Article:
The Yankees seem to be very cost conscious this year as they have refused to sign expensive free agents to lucrative contracts. In fact, most of the moves they have made have been motivated by the desire to save money. They signed Andrew Miller at $9 million per year over David Robertson at $11.5 million. They traded for a pre-arbitration eligible shortstop in Didi Gregorius instead of signing any of Stephen Drew, Asdrubal Cabrera or Jed Lowrie to more expensive free agent deals. They decided not to pursue Jon Lester or Brandon McCarthy, and seem set on leaving Max Scherzer alone. They ended up bringing Chase Headley back at $13 million a year, but it seems that they have now made up for that money by clearing away some payroll in their latest trade.
To keep up with the pattern, Martin Prado and David Phelps for Nathan Eovaldi and Garrett Jones was not only about finding the pieces they needed, but also about saving money while doing so. The Yankees traded Prado, who was due $11 million in 2015, and David Phelps, who was projected to get $1.3 million in arbitration, to the Marlins for Nathan Eovaldi at a projected $3.1 million and Garrett Jones for $5 million on the year. The Yankees agreed to pay $6 million of the remaining $22 million on Prado's contract over the next two seasons, meaning that they will be giving $3 million to Miami this year. Essentially, the deal gives the Yankees everything they wanted. They traded $9.3 million in order to receive $8.1 million. Take those savings, add them to the $2.5 million they saved by choosing Miller over Robertson, consider the cost of Rob Refsnyder at second base now, and that Gregorius will make peanuts next to someone like Drew, and they might have saved themselves somewhere between $10-15 million dollars by the end of the offseason.
Last year, the payroll was slightly over $197 million in player AAV and right now, before arbitration is decided yet, the Yankees sit at around $193 million for 2015. With Shawn Kelley, Ivan Nova, Michael Pineda, and Nathan Eovaldi all due to receive a combined $11 million in arbitration, and with another $4 million going to pre-arbitration players, that number jumps to $208 million. If you include luxury tax to the 2014 payroll, the final number ended up being over $203 million, so no matter how hard they try, it doesn't seem like the Yankees will be able to drop payroll any lower than that this year without actively trying to tear down the team. After this year the only players who will be coming off the books are Chris Capuano, Chris Young, and Garrett Jones, and while Kelley will be a free agent too, he'll be replaced in arbitration by Gregorius, Justin Wilson, and Adam Warren. They might not be able to tear down payroll, but they can hold the line.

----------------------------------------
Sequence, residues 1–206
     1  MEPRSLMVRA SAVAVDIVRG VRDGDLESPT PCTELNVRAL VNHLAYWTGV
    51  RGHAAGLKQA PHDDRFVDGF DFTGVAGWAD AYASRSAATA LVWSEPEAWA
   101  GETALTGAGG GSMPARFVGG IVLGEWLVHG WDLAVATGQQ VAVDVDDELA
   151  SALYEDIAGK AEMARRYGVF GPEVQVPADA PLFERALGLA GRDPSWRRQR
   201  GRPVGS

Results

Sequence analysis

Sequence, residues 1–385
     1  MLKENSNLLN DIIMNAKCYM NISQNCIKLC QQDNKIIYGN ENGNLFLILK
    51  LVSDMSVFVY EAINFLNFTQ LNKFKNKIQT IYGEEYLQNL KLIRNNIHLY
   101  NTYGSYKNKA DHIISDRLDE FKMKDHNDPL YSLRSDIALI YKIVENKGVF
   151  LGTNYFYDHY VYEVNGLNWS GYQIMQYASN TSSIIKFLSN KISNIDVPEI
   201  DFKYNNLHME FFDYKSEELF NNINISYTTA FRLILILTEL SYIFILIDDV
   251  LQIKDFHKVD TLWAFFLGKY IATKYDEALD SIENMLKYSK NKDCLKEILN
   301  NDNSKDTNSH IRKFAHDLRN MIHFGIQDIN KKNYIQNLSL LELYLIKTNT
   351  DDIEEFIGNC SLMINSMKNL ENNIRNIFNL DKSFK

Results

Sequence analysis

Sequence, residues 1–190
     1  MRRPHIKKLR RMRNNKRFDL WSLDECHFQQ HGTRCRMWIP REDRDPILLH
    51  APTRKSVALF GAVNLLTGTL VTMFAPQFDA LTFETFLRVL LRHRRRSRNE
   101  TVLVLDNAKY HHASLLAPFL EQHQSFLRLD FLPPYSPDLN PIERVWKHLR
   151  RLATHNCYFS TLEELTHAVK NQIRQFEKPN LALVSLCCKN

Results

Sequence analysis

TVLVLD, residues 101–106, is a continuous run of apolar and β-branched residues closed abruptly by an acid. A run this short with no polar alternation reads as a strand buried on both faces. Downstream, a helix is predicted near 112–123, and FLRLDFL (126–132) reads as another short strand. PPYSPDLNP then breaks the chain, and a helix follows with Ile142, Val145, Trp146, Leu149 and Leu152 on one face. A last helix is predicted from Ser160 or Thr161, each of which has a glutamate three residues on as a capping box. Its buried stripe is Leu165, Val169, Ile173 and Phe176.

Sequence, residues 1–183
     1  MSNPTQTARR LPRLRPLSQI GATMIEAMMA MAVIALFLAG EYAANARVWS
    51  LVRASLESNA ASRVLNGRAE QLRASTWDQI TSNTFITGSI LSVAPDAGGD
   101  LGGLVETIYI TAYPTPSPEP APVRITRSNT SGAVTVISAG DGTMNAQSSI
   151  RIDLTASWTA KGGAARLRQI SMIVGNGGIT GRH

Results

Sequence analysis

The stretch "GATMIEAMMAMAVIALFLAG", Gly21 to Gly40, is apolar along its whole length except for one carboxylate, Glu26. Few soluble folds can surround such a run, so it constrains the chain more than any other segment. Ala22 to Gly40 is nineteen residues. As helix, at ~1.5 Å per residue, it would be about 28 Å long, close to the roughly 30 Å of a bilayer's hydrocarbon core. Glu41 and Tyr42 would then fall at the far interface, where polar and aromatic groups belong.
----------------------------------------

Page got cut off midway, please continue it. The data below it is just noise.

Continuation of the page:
If the Yankees are making their moves based on payroll, they're going to find it very difficult to hit that $189 million mark over the next two years. Not much payroll will be freed up before the 2017 season when Mark Teixeira and Carlos Beltran hit free agency, so expect moves like the Yankees made for Gregorius and Eovaldi to become more of the norm going forward. In a few years, the Yankees could end up relying on more prospects, especially if Greg Bird and Aaron Judge pan out, alleviating their need to add expensive players at the trade deadline or during the winter. They may have saved a marginal amount of money so far this offseason, but with fewer and fewer big contracts to pay off, the Yankees seem to be stabilizing payroll for the future. It'll be time to watch once the big contracts start coming to an end, then they can either start to reinvest or decide that a cheaper team is the way to go.
We talk about Plan 189 like it's this imminent thing, but it's really not. Their biggest mistake was trying to reach it in one offseason. Now, by taking it slow, Plan 189 will envelope a new era in Yankee baseball because it's not a singular event that will come and go. Expect the payroll to level out over the next two seasons and then drop after that, but as long as they continue to make shrewd deals to actually improve the team overall, rather than just protect their pocketbook, the Yankees suddenly crying poor won't be nearly as painful, as frustrating, or as confusing as it has been. It's just a new way of life.